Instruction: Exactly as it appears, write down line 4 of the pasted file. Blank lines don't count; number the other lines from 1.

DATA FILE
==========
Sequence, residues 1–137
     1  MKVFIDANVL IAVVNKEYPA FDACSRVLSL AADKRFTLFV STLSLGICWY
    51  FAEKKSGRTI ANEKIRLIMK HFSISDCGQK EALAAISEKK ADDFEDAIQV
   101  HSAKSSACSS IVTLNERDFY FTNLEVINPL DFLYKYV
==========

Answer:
   101  HSAKSSACSS IVTLNERDFY FTNLEVINPL DFLYKYV